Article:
How Black real estate developers are breaking ground for underrepresented communities

iStock/Inna Dodor

(WASHINGTON) — The $1.1 trillion infrastructure bill passed by Congress last week will fund roads, bridges, rails and other components of the country’s infrastructure. The legislation is also addressing racial inequity.

President Joe Biden’s infrastructure plan aims to “reconnect neighborhoods cut off by historic investments” and “redress historic inequity.” Part of his plan includes awarding government contracts to minority-owned businesses, including real estate development companies that will do the work in conjunction with climate projects.

Why is racial injustice being addressed in the plan? The real estate development community is almost exclusively white. That lack of diversity, Black developers who spoke with ABC News said, translates into less affordable housing in Black communities, low rates of homeownership and a scarcity of retail and other businesses within those communities.

According to a 2019 report from Urban Land Institute — a nonprofit organization for real estate and land use experts — only 5% of its U.S. members are African American, 4.5% are Asian and 82% are white.

One of the major problems with diversifying real estate, Black developers say, is that they often face hurdles in acquiring funds, and ultimately in expanding their businesses.

Many are working to eliminate those barriers. Last year’s racial reckoning protests invigorated the real estate development community to create and leverage more initiatives and programs to help not only the Black real estate development business, but to further Black economic power.

D.C. becoming model of Black real estate development

Last summer, Washington, D.C., Mayor Muriel Bowser’s office established several initiatives to provide access to funding for minority developers.

“We are committed to making our city’s prosperity more inclusive, but that won’t happen by chance – it will happen because as a government and as individuals, we are intentional about how we invest and who we make opportunities available to,” said Bowser shortly after its launch.

One of those initiatives is Capital Impact Partners’ $20 million Diversity in Development DMV Loan Fund (DiD-DMV) and coinciding grant program.

“Our goal is to really take a holistic approach to provide opportunity — specifically in communities of color,” Ellis Carr, president and CEO of Capital Impact Partners and CEO of CDC Small Business Finance told ABC News.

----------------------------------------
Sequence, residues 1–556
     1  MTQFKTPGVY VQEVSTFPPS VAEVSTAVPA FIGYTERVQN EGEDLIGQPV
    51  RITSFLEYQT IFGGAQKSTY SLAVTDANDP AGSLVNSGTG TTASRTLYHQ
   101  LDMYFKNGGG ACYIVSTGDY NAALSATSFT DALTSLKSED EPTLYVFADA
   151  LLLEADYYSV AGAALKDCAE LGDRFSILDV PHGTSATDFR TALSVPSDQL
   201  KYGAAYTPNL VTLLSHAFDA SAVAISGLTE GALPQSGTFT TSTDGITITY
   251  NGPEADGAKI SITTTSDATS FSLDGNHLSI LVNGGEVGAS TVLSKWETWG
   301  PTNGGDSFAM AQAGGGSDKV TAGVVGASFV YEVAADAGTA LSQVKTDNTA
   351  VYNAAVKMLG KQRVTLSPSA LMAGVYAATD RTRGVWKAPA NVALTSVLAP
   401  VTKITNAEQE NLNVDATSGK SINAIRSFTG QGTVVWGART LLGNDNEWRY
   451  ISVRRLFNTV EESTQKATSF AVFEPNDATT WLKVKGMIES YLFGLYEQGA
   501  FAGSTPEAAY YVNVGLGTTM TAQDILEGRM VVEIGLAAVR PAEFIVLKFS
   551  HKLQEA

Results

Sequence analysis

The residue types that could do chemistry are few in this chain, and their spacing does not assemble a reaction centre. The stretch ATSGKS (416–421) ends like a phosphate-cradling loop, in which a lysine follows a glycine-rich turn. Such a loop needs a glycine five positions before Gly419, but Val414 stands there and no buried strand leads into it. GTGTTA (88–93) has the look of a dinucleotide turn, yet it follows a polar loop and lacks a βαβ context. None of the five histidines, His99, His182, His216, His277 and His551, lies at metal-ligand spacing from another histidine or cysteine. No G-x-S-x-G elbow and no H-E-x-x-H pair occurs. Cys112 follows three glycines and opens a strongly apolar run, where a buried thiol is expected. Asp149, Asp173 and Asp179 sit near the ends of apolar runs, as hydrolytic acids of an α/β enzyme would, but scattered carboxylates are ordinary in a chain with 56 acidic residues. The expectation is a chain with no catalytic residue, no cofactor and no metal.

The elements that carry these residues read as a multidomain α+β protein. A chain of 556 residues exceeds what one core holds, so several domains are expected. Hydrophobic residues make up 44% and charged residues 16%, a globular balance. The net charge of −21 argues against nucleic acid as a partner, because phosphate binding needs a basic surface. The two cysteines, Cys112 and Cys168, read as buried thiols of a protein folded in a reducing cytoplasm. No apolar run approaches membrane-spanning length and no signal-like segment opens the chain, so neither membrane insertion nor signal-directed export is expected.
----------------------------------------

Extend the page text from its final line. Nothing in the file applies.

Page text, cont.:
“As we thought about the opportunity to support the D.C. area’s real estate development community, we looked at where the hurdles were, particularly those that were faced by developers of color. We heard a number of things, but primarily it was really boiled down to the lack of access to capital in both debt and equity for developers to really be able to take the leap and expand their businesses and wage,” Carr said.

Through the fund, developers, both nonprofit and for-profit, will have access to lower-cost, flexible pre-development and acquisition loans, unlocking crucial early-stage financing that is often denied to developers of color.

The first two financed projects are set to be built in Washington, D.C.’s Ward 7 and Ward 8, areas with a large African American population.

Thomas Houston and Talayah Jackson both received nearly $1 million in funding for their nonprofit community development corporation, Medici Road.

“U.S. housing is a product change,” Jackson told ABC News. “There is a connection between public health, education and housing … it’s all a systemic problem. It’s not just about solving one answer for someone, it’s … tackling multiple things.”

With the funds, Medici Road plans to develop a 17,000-square-foot building in a vacant lot in D.C.’s Deanwood neighborhood with affordable housing, retail and office space to create essential services in the community.

“We’re creating systemic change for generations,” Jackson said. “I think it’s just due time that taxpayers, as residents, have access to the things that really should already be in place. This community should be flourishing, it should be thriving.”

The new condominium community will create a mixed-income development to provides access to healthy food and health and wellness education, Jackson said.

Currently, the seventh ward has higher crime rates, low homeownership rates and few grocery stores. But Houston says that’s the reasoning behind the decision to develop in the area.

“We have a car to drive to wherever grocery store we wanted to. But what if there is an emergency for say food, formula, and we didn’t have any access at all? When you start looking at this from the professional side of the road, and we start looking at public health outcomes access all the stuff is linked, and none of it exists in our neighborhood. And so that’s where the idea came,” Houston said.

The grocery store is expected to be a franchise owned and staffed by residents of the community.

Steps away from the Deanwood neighborhood project, another developer, Mustafa Durrani of Durrani Development Corporation, secured a $2.5 million acquisition loan and another $900,000 predevelopment loan. Durrani plans to transform a vacant area into a new affordable housing community in the Randle Heights neighborhood of D.C.’s Ward 8.

“There’s an idea that affordable homeownership and affordable rentals are like public housing. And so we want to be able to create something that looks like market rate but it’s still affordable,” Durrani said.

Both projects are in early stages of development.

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